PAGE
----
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Despite Question Marks, NFL Moving Forward in London

New Tottenham/NFL stadium

A close look at the NFL series in London raises some question marks, but the league is not planning to slow down its initiative. 

Going back to 2007, the NFL has used London as a springboard for its international efforts, but there has always been the question of whether the city can do more than host one or two games per year. While talks of a team permanently relocating to London has slowed down in recent years, venues such as Wembley Stadium, Twickenham Stadium, and the future Tottenham Stadium (shown above) are all expected to host regular season games in upcoming years.

As it stands, the NFL’s annual endeavors in London have not been profitable, as revenue streams within London–such as ticket sales and media rights–have not grown enough to cover the costs associated with playing the games in the city. NFL head of international development Mark Waller recently acknowledged these problems in an interview with Bloomberg, but said there are signs that the trend will change:

That’s going to change quickly, Waller said. By continuing to play games in London — and making them free to watch via the BBC — the NFL has succeeded in slowly building a fan base. Half of the fans who went to a game at Wembley last year had been to a previous football game, and one-third bought tickets to the full series.

With enough fans, Waller said, “media values go up, your sponsor values go up and the commercial side of the arrangement reaches scale.” As it is, the price of the U.K. media rights for the NFL has already doubled since the New York Giants beat the Miami Dolphins at Wembley in 2007, and Waller said they will be more valuable when they come up for bid again.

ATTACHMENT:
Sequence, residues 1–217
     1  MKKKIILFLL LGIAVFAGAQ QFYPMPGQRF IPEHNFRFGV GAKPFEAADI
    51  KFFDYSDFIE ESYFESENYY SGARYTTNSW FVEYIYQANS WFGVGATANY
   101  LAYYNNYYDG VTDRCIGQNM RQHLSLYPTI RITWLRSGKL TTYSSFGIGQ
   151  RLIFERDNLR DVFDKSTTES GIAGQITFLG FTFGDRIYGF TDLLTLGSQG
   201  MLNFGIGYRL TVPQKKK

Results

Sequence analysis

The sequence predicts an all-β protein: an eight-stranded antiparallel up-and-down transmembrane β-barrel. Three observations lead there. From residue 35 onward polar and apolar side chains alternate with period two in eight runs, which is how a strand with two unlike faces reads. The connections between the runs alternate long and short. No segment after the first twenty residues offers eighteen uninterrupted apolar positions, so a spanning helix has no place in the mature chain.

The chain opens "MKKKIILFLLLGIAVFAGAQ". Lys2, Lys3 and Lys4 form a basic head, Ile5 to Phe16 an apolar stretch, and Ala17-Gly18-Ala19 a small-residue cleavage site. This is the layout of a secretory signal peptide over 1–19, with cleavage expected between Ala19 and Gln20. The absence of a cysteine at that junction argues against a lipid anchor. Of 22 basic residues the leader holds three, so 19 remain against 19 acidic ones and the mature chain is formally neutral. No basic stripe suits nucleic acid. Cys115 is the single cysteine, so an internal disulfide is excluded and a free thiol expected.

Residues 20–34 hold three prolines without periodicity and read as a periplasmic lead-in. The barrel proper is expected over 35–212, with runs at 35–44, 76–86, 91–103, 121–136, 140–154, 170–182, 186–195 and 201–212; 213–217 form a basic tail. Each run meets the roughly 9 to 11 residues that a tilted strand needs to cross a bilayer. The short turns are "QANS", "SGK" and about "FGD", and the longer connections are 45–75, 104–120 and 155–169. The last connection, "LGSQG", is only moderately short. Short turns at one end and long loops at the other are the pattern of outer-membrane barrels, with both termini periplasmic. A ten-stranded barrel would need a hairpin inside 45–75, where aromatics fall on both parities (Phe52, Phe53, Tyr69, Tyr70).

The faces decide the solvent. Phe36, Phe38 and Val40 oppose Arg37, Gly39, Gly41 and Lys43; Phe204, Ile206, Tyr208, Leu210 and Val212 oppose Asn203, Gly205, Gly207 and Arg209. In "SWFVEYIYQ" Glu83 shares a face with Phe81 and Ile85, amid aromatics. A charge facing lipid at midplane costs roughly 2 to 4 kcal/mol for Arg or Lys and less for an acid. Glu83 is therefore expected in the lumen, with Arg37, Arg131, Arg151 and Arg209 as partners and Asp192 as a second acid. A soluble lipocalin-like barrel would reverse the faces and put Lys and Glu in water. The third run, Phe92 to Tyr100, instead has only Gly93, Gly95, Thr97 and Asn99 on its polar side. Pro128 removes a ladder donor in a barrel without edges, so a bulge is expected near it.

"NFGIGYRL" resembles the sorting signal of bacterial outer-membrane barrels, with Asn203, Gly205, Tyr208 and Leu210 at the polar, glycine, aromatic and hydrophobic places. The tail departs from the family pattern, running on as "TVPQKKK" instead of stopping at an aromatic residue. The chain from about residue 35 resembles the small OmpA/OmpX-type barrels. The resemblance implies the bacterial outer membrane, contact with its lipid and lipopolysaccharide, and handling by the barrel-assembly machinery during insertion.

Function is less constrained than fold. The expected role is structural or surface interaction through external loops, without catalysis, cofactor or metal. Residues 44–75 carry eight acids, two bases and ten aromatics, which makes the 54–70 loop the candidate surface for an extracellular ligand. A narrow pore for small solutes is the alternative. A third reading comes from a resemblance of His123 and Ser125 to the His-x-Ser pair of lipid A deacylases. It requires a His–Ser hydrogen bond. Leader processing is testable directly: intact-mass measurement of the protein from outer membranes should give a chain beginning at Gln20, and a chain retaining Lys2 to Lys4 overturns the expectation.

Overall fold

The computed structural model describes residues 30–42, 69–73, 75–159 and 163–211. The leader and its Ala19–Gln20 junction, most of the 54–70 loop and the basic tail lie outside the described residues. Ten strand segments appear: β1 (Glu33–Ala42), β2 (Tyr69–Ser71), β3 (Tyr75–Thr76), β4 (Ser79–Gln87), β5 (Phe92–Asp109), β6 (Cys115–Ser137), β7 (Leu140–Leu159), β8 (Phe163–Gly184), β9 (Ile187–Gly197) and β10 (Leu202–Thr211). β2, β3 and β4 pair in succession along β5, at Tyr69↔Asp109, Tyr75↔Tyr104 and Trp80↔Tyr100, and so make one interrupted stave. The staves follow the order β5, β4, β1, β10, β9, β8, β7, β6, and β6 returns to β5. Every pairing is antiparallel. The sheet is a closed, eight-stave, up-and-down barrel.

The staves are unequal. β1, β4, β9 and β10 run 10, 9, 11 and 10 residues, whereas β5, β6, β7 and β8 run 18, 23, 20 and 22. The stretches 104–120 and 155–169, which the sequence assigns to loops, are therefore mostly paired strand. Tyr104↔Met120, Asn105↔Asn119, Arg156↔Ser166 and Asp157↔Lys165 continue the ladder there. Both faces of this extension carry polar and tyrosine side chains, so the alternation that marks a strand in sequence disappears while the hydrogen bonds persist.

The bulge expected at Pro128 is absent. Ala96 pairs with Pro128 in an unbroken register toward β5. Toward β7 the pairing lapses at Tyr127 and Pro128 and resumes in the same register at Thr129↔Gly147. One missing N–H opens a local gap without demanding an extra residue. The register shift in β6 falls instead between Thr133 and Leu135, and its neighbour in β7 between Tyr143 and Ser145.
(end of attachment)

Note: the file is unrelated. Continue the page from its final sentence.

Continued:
The BBC owns the rights to the London games and the Super Bowl for the next two years; Sky Sports will air the NFL’s U.S. games in the U.K. through 2019.
“If we continue on the path we are on, there will be no discussion about when the games break even,” said Waller, an Englishman. “If we were to double our media rights again, we would more than break even.”
What is a notable trend about London is the scheduling, as it it often seems that the same teams are featured. In recent years, the Jacksonville Jaguars have been a frequent site in London, and they will face the Indianapolis Colts this Sunday at Wembley Stadium. Owner Shad Khan’s investments in EverBank Field could bode well for the team’s longterm future in Jacksonville, despite the fact that the Jaguars were previously identified as a possible relocation option to London.

The Jaguars, however, continue to travel to London. In a separate piece on ESPN, Waller said that London fans do not seem to mind the frequency of the team’s appearances, and that the combination of the Jaguars, Los Angeles Rams, and Cincinnati Bengals as home teams has prompted interest this year:

Sure, we who can choose among the likes of the Patriots, Steelers, Packers and Broncos every week scoff at the idea that Britain keeps getting the Jaguars foisted on them. First of all, by the time this year’s London games are over, 14 NFL teams will have played there since the start of 2014. Second of all, British customers don’t seem at all turned off by the Jaguars. Waller says all three games this season have sold out, and there are almost 40,000 tickets purchased by people who are buying all three games. “So, mini-season ticket holders, if you will,” he said. The league polls fans who go to the games about their experience so it can address specific aspects and try to keep it fresh. Despite the less-than-stellar matchups, the average attendance in the 14 regular-season games that have been played in London has been 83,061.

If anything, the NFL’s direction is moving toward expanding international efforts, and is already looking to go beyond London. In November The Oakland Raiders will play a week 11 home game against the Houston Texans at Estadio Azteca, and the league is expected to seek additional locations over the coming years.

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August Publications